Unmitigated Optimism


Pictured: Johnny 5 is REALLY alive!

I saw Short Circuit in the movie theater when I was 12. For a week afterwards my sister and I screaming “number 5 is alive!” and embroiled ourselves in an excitement that culminated in the “construction” of a robot by painting a face on an easy bake oven and placing it on top of the washing machine. Of all the people unimpressed by our technological creation, my mother tops the list as she wasn’t able to get to a load of whites.

Two years later Short Circuit 2 came out and our enthusiasm was not what it once had been. Perhaps the sea of troubles that presented itself in the 8th grade and 6th grade respectively had led us to seek solace in Faith no More lyrics and M*A*S*H reruns. Nevertheless, it was this movie that Burke chose to follow up Three Men and a Baby in our Saturday night double feature.

Mine has been a decidedly 80s household in the last three weeks. We have been watching 80s movies and TV shows. Murder She Wrote and Magnum PI (and their gloriously enjoyable crossover episodes). We don’t really breach the 90s; we sort of stand on the edge and look warily across the way like Moonlight Graham on a magic field in Iowa. We have decided that 80s shows that “look like the 90s” are not as fun to watch. And Saturday we have a double feature of happy 80s movies.

There are bad guys in these movies, to be sure. Who could forget the Rosencrantz and Guildenstern drug dealers in Three Men and a Baby? Or the wannabe bank robbers in Short Circuit 2? Sure, they’re bad guys, but they’re not terrible guys. The drug dealers are taken down by Steve Guttenberg’s video recorder and Ted Danson in drag playing with elevator switches. The bank robbers are jostled around by Home Alone-like booby traps but set by a robot who likes to read. The big bad guy is captured and dropped into the East River. Everything is redeemable.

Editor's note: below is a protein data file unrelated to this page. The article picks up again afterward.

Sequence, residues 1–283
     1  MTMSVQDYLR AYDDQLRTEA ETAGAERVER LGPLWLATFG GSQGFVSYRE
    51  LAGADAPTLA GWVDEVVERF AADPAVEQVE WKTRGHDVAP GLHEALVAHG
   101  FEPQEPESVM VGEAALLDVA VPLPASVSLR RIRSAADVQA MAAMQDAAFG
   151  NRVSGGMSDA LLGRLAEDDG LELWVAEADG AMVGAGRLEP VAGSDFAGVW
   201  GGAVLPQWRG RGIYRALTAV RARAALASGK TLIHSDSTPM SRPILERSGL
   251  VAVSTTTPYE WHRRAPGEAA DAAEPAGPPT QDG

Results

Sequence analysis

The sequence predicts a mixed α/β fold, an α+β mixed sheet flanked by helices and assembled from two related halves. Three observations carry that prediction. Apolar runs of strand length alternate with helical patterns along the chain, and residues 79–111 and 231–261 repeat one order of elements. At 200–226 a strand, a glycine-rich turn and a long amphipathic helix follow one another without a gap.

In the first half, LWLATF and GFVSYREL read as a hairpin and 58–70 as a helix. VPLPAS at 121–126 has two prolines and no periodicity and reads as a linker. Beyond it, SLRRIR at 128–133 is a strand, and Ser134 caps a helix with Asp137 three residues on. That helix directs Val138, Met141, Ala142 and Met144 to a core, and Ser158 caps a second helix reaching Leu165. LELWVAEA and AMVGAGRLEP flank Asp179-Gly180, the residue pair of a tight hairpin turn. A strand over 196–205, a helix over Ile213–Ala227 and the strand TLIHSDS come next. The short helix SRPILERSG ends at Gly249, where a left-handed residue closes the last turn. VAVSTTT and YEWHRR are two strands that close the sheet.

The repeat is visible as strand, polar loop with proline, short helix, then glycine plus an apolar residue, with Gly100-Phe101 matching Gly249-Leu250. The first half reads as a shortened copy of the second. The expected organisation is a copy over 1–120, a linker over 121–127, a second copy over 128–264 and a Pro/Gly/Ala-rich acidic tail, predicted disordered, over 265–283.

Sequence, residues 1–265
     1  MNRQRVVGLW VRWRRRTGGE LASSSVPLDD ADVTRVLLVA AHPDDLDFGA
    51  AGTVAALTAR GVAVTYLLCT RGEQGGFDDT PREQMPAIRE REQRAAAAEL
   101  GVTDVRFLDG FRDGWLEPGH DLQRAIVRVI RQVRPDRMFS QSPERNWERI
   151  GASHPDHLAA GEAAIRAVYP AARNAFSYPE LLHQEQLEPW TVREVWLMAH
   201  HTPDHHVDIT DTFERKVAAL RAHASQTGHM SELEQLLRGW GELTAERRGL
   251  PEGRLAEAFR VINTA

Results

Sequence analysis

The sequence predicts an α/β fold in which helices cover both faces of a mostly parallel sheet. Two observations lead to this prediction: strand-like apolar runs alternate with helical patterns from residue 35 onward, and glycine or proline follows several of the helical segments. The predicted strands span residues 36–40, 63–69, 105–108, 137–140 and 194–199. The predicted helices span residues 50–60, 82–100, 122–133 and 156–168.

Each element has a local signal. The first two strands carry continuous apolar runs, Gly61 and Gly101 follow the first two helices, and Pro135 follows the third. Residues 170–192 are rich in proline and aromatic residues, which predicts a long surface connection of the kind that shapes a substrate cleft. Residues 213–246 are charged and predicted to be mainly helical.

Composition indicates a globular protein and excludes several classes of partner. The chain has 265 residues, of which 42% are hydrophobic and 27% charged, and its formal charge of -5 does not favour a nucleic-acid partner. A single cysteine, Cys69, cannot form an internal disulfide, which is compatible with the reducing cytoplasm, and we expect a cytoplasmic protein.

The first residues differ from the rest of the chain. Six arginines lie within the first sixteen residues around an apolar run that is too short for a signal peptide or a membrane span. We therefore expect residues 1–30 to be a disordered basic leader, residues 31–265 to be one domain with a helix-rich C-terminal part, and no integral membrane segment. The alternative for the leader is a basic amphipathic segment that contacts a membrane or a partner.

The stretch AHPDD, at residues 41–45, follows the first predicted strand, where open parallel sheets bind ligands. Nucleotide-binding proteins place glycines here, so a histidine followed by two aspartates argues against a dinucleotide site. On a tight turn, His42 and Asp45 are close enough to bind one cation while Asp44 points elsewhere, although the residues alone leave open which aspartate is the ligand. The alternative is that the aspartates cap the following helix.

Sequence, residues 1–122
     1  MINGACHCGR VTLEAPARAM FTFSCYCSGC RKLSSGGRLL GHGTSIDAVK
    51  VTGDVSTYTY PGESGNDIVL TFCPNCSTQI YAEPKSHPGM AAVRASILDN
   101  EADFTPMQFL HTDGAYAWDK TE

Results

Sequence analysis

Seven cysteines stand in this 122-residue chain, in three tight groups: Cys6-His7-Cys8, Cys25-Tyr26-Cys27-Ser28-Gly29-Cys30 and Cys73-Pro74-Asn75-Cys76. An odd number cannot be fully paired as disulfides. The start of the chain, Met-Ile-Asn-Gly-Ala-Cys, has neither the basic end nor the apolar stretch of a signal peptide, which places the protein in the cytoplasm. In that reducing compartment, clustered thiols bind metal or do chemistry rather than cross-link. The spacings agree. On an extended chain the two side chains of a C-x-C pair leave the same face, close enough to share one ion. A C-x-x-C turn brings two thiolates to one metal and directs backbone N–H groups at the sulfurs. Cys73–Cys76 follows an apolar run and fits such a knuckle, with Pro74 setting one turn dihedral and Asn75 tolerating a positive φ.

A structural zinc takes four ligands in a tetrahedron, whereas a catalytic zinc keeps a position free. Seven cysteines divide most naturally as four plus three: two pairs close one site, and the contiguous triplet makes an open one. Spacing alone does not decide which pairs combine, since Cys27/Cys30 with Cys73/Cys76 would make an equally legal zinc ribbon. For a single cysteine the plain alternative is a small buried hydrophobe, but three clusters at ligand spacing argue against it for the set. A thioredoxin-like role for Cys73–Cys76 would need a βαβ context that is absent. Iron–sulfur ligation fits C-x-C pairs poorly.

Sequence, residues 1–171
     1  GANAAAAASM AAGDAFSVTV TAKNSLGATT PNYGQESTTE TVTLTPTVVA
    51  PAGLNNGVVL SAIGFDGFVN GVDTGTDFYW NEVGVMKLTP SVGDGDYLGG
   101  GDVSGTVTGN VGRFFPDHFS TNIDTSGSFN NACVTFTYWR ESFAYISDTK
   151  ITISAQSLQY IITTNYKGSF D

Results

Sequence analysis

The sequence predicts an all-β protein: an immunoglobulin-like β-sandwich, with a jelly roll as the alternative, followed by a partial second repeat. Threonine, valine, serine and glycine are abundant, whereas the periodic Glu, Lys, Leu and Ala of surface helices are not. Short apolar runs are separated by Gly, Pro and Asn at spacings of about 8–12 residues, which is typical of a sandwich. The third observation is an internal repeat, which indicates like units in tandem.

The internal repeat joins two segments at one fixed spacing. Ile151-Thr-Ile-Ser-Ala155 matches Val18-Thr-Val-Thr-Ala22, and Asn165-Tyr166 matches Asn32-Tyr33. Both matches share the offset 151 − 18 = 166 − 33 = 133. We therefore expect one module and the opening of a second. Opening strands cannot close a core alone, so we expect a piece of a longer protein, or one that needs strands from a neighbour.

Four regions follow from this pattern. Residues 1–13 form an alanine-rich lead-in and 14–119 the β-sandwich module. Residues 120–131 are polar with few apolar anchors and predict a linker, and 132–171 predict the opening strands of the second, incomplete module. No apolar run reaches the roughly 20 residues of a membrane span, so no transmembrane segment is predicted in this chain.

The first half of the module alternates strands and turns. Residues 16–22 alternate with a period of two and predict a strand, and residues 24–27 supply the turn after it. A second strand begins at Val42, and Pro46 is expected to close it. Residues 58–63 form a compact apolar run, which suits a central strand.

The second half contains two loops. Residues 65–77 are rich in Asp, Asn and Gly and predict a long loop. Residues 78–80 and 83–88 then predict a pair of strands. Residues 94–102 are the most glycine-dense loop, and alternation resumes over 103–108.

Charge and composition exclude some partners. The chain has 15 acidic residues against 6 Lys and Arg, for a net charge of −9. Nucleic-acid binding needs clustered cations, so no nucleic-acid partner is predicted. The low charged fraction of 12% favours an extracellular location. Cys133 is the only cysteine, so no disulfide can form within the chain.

Why watch? Well, fake or not, there’s an optimistic factor to our intake. Whether or not something bad happens in Magnum, unless you’re watching Did you See the Sunrise?, it’s going to end with hijinks with Higgy Baby or TC. Jessica Fletcher catches a murderer and then bakes Sheriff Tupper and Dr. Hazlitt a lemon cake. Something bad has certainly happened, but life will go on.

This little bit of optimism goes a long way. I want to believe that everyday people like Thomas Magnum and Jessica Fletcher are out there seeking the truth and sticking up for the wronged little guy. It helps me sleep at night. It’s perhaps for this reason that I wonder about the continued story after our Saturday night movies.

In Three Men and a Baby, the baby’s mother comes back at the end to take Mary (the baby) to London. Everyone is sad. We overlook the fact that a woman who dropped a baby off on someone’s doorstep with no discussion seamlessly drops back in to take over her duties once she’s rested. She baby talks Mary and it’s as if she never literally walked out on her. We disregard that fact along with the fact that she has a very bad British accent and speaks American English. We overlook because we want the happy ending we know is coming. And it does.